Treating postprandial hyperglycemia does not appear to delay progression of early type 2 diabetes: the Early Diabetes Intervention Program.

Indiana University School of Medicine, 545 Barnhill Dr., EH 421, Indianapolis, IN 46202, USA.
Diabetes Care (Impact Factor: 8.57). 10/2006; 29(9):2095-101. DOI: 10.2337/dc06-0061
Source: PubMed

ABSTRACT Postprandial hyperglycemia characterizes early type 2 diabetes. We investigated whether ameliorating postprandial hyperglycemia with acarbose would prevent or delay progression of diabetes, defined as progression to frank fasting hyperglycemia, in subjects with early diabetes (fasting plasma glucose [FPG] <140 mg/dl and 2-h plasma glucose > or =200 mg/dl).
Two hundred nineteen subjects with early diabetes were randomly assigned to 100 mg acarbose t.i.d. or identical placebo and followed for 5 years or until they reached the primary outcome (two consecutive quarterly FPG measurements of > or =140 mg/dl). Secondary outcomes included measures of glycemia (meal tolerance tests, HbA(1c), annual oral glucose tolerance tests [OGTTs]), measures of insulin resistance (homeostasis model assessment [HOMA] of insulin resistance and insulin sensitivity index from hyperglycemic clamps), and secondary measures of beta-cell function (HOMA-beta, early- and late-phase insulin secretion, and proinsulin-to-insulin ratio).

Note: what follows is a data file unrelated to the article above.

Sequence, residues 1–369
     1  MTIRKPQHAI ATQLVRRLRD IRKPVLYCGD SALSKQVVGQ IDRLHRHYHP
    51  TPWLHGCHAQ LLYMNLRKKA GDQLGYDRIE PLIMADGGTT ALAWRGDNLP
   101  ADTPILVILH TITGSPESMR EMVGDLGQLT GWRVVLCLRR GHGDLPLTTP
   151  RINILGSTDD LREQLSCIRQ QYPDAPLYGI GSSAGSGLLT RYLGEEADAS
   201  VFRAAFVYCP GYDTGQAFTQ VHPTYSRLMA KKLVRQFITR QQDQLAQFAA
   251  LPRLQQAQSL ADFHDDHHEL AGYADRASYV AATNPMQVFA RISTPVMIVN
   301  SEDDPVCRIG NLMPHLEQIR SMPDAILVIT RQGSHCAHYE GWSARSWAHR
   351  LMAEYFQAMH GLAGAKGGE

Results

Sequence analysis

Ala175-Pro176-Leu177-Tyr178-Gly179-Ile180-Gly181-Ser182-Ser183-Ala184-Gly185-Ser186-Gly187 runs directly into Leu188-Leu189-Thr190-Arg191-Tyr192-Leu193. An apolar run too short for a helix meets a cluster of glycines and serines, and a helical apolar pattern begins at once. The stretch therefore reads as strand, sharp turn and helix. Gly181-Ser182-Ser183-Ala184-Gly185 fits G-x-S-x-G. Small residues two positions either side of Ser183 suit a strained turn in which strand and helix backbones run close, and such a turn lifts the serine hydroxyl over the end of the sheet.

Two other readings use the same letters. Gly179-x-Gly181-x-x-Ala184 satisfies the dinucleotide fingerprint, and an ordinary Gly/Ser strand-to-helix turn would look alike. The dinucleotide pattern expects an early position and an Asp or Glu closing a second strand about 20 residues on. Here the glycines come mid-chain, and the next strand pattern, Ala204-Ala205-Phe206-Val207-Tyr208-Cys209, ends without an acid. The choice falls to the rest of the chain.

Acarbose significantly reduced postprandial hyperglycemia. However, there was no difference in the cumulative rate of frank fasting hyperglycemia (29% with acarbose and 34% with placebo; P = 0.65 for survival analysis). There were no significant differences between groups in OGTT values, measures of insulin resistance, or secondary measures of beta-cell function. In a post hoc analysis of subjects with initial FPG <126 mg/dl, acarbose reduced the rate of development of FPG > or =126 mg/dl (27 vs. 50%; P = 0.04).
Ameliorating postprandial hyperglycemia did not appear to delay progression of early type 2 diabetes. Factors other than postprandial hyperglycemia may be greater determinants of progression of diabetes. Alternatively, once FPG exceeds 126 mg/dl, beta-cell failure may no longer be remediable.

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